When it comes to competition, are you thinking of newcomers like Uber, Lyft & Co.? 

Sven Gábor Jánszky: Yes, but by no means just them. For example, we will also have to reckon with car rental companies and companies from other mobility areas such as airlines or railway operators. Even companies from right outside the sector, such as department stores or supermarket chains, may think about offering the hitherto idle capacities of their fleets to the open market for passenger or goods transport. 

A recent trend study came to the conclusion that public transport will have to reinvent itself. What might this process look like?

Sven Gábor Jánszky: The most important factor is that the transport operators should look very closely at the questions of whom they will be competing against in the future, and for whose custom they will be fighting. Digital natives are of course going to make up an ever larger proportion of the target group for transport operators, and they are being courted by an increasing number of market players – with very affordable and highly individualized offers. In this scenario, it is important to find conclusive answers. I would, for example, offer products that provide users with time benefits. In general these offer very good prospects of success.

Emotions are no longer relevant to mobility decisions.
Sven Gábor Jánszky

What about the emotional state of digital natives as regards mobility? Is the car no longer a status symbol for them, and driving no longer a badge of freedom, individuality and sovereignty?

Sven Gábor Jánszky: In this respect too, Generation Y has a quite rational attitude – and also a highly differentiated one, as shown by their understanding of "freedom", for instance. In metropolitan areas, personal freedom is actually increased by not having your own car, so young urbanites see no reason to buy one. In rural areas, the opposite is true. In such places, there are probably no providers that will bring a vehicle to the user's door within a maximum of ten minutes after it has been ordered via smartphone. So in rural regions, even digital natives will certainly continue to own cars.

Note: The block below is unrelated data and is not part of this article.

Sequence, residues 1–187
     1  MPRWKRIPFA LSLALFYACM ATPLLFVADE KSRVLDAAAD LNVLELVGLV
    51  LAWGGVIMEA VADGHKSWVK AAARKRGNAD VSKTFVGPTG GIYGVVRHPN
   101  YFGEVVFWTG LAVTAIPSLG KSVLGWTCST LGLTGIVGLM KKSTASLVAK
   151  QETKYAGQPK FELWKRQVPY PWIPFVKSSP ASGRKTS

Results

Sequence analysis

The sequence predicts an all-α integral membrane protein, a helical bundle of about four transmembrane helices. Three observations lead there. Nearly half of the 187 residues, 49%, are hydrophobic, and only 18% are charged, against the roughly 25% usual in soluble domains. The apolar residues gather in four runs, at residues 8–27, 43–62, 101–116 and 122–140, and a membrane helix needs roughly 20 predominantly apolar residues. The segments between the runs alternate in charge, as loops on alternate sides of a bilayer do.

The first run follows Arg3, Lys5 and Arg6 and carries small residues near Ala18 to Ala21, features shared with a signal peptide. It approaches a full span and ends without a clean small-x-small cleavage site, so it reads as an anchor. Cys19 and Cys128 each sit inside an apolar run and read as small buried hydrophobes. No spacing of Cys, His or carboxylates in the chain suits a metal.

Sven Gábor Jánszky: “Technophobia basically only occurs with technologies that are new to our lives. Nobody is a technophobe when it comes to their TV sets”

20 years ago, people’s characteristic fear of new technologies would still have been a high hurdle to overcome before autonomous cars could be introduced. Not anymore?

Sven Gábor Jánszky: Technophobia basically only occurs with technologies that are new to our lives, not those that were already there when we were born. Nobody is a technophobe when it comes to their TV sets. Digital natives are just as technophobic as all other generations, but not towards the digital technology with which they grew up.

According to your vision, in which direction would modern transport technology need to develop to get fit for the future?

Sven Gábor Jánszky: Technology providers would have to recognize and develop the role they want their products to play within innovative, intelligent and intermodal mobility networks. How can technology integrate the numerous subsystems with which the new transport providers will control their autonomous fleets? How can it use the available sensors to make the overall system even faster and more efficient? Technology providers may also consider whether to profit from their own extensive know-how and themselves become players in the mobility market, for example by offering their own smart mobility wizard.

Mr. Jánszky, thank you very much for talking to us.

Peter Rosenberger
Picture credits: Image 1: istock/ Rawpixel; Image 2 and 3: Rinspeed; Image 4: Roman Walczyna